By THÉRÈSE MARGOLIS
In his self-aggrandizing address to the nation on Thursday, July 1, Mexican President Andrés Manuel López Obrador (AMLO) said that the country’s fight against organized crime was “well in hand” and that there were only three cartels currently operating in Mexico.
That, it seems, is news to the cartels.
In fact, according to the U.S. Drug Enforcement Administration and (DEA) and the U.S Department of Justice, there are at least 20 additional cartels operating in Mexico, each staking their own territories for illicit activities, and the three cartels the president mentioned in his address — the Jalisco, Pacific and Guanajuato cartels — have all expanded their operations and reach over the course of the last three years.
The president claimed that groups such as the Jalisco New Generation Cartel (CJNG) and the Pacific Cartel already existed when he came to power.
“I do not believe that new groups have been created in these two and a half years,” he said.
“There are just the Jalisco Cartel, the Pacific Cartel and the Guanajuato Cartel, the ones that already existed.”
AMLO went on to say that “there is governance” in Mexico, but a recent U.S. Defense Department report stated that criminal organizations control “ungoverned areas that account for about one-third of Mexico’s territory.”
Speaking during a press conference in March, U.S. General Glen D. Van Herck said that “narcotics, migration and human trafficking are all symptoms of transnational criminal organizations that are operating in ungoverned areas, about 30 to 35 percent of Mexico.”
In its annual drug assessment report for 2020, the DEA acknowledged that “the two largest organizations, the Sinaloa Cartel and the Jalisco New Generation Cartel, show signs of expansion in Mexico.”
But in addition to the Sinaloa Cartel and the CJNG, the DEA identified at least seven other Mexican criminal groups that have a significant drug trafficking impact on the United States: the Beltrán Leyva Organization, the Northeast Cartel/Los Zetas, the Guerreros Unidos, the Gulf Cartel, the Juárez Cartel/La Línea, the Familia Michoacana and Los Rojos.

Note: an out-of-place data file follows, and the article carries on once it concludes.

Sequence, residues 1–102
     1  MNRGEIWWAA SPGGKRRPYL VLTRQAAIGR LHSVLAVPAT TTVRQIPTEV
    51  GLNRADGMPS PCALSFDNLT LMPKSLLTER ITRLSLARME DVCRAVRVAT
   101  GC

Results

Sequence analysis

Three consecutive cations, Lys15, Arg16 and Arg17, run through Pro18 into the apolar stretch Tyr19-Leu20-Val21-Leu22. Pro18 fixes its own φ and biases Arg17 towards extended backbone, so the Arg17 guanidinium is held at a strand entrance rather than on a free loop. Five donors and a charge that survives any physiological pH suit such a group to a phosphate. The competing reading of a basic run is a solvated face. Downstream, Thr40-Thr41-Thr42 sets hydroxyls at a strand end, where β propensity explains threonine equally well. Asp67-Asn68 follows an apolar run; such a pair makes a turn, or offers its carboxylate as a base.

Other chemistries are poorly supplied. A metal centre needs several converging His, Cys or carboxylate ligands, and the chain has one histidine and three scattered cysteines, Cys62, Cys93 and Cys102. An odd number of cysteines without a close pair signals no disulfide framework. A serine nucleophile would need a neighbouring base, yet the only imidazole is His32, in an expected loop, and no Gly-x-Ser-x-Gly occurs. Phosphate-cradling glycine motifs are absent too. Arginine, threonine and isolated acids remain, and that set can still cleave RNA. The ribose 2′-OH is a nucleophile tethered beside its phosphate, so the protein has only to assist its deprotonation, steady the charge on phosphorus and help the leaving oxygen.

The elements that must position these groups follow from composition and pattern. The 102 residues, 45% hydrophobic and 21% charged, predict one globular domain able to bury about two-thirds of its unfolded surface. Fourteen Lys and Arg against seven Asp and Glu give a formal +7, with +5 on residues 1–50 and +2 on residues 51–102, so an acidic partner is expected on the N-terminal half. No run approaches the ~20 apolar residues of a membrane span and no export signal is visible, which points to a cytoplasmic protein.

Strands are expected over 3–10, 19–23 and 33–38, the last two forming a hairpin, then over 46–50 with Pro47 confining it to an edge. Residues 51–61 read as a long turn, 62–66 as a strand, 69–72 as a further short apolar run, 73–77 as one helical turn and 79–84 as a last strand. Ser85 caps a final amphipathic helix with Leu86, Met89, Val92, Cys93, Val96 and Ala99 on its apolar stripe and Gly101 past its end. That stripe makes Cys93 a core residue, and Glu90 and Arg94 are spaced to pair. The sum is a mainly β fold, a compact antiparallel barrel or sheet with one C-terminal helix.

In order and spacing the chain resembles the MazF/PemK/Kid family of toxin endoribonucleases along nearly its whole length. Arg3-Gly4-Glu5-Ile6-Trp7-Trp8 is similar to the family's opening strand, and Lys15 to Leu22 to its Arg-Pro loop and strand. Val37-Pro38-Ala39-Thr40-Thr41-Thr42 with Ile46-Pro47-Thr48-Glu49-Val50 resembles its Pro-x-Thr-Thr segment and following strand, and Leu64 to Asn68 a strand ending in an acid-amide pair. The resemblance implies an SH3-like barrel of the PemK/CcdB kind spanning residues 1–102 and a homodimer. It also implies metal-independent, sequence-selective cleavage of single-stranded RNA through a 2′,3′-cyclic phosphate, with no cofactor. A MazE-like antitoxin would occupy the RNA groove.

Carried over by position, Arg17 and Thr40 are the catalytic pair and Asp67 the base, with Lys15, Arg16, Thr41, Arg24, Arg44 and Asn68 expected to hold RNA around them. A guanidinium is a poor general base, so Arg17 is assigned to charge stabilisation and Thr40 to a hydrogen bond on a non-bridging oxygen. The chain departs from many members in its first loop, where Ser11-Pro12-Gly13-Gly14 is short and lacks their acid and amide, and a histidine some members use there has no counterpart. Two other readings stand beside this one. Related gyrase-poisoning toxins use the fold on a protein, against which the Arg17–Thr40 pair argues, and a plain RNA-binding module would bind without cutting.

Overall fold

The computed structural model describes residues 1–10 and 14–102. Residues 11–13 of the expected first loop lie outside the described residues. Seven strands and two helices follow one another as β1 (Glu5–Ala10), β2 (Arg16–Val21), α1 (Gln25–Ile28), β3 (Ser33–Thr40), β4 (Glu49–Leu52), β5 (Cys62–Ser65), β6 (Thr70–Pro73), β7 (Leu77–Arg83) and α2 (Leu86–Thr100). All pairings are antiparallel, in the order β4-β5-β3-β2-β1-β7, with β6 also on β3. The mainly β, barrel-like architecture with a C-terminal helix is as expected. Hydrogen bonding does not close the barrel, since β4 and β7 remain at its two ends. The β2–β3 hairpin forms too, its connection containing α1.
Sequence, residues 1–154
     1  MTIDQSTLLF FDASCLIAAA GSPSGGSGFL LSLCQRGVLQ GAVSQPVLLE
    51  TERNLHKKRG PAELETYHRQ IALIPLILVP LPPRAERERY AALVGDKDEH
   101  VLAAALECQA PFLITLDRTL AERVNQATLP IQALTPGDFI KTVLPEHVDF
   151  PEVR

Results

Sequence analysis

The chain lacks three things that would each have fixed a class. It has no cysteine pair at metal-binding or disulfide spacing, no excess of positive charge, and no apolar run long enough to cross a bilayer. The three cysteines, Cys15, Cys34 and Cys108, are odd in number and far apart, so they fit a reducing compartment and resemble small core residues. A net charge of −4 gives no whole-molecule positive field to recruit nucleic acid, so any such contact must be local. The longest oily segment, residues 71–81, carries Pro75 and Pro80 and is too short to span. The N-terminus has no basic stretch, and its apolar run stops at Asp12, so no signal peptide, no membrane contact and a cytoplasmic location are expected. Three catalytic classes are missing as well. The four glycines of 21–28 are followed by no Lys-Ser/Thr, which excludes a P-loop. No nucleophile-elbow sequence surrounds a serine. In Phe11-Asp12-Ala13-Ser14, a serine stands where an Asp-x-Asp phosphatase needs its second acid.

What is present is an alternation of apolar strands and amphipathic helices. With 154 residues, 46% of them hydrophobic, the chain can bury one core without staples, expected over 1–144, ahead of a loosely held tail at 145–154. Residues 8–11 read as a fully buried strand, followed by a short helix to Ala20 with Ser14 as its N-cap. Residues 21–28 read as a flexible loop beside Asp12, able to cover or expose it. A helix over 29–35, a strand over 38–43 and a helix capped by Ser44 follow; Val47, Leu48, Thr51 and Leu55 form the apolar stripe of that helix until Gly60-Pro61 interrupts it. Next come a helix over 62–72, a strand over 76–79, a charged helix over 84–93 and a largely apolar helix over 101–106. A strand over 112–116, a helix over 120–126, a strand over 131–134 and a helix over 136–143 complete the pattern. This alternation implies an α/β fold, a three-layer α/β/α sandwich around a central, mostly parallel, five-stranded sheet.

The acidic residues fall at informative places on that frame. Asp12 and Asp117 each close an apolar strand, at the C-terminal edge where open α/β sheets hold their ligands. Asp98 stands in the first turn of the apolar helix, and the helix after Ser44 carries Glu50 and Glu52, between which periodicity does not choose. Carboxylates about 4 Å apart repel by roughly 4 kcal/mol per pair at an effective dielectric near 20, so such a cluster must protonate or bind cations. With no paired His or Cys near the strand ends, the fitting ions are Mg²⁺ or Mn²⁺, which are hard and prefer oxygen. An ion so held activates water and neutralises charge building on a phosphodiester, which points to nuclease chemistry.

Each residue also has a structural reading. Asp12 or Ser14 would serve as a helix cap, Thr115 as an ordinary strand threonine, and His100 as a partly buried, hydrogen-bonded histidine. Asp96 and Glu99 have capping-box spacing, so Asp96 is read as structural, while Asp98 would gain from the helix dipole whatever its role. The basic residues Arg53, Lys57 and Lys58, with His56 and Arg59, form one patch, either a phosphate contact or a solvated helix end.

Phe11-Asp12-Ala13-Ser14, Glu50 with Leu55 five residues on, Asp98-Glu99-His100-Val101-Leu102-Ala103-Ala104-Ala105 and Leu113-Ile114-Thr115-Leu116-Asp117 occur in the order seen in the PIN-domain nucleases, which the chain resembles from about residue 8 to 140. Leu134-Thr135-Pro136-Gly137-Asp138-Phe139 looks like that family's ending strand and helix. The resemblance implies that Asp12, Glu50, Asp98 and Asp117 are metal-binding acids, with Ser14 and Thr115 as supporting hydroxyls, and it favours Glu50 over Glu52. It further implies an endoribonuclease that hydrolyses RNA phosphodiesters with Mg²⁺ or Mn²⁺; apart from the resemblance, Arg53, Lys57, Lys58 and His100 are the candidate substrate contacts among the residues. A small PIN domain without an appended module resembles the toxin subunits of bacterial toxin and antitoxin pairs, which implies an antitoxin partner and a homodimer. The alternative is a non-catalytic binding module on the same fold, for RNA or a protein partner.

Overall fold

Mexican security consultant Eduardo Guerrero told Reforma newspaper on Friday, July 2, that while no new “large” cartels have emerged in recent months, many local and regional criminal organizations and cells have emerged, such as “United Cartels,” which is financing smaller groups to prevent the expansion of the CJNG.
Other organizations that have emerged so far into AMLO’s six-year term are splinter groups of the Gulf Cartel, such as the Cyclones and Scorpions, which were allegedly responsible for the mass shootout in Reynosa, Tamaulipas, last month, leaving at least 15 civilians dead, he said.
“The two biggest cartels have established themselves, let’s say, as two organizations with a national presence,” Guerrero continued.
“They have expanded during the López Obrador administration and are no longer competing over states or regions. They are instead fighting over municipalities. That is why so many violent clashes have ignited in the last year.”
Alejandro Hope, another Mexican security analyst, told Reforma that in the last two and a half years, the process of splintering criminal groups has continued, which is why there is a multiplicity of armed groups, some of which are of a relative new nature.
“There are splinter groups from the Jalisco Cartel and there are splinter groups from the Gulf Cartel,” Hope said.
“Have new criminal groups emerged, new cells? Yes, all the time. It is a very dynamic process. There is a plurality of armed groups in the country that have supplanted the state in various parts of the territory. That is an unconcealable fact.”
And as for AMLO’s claim that the country’s fight against organized crime is “well in hand,” it seems to be well in the hands of the cartels.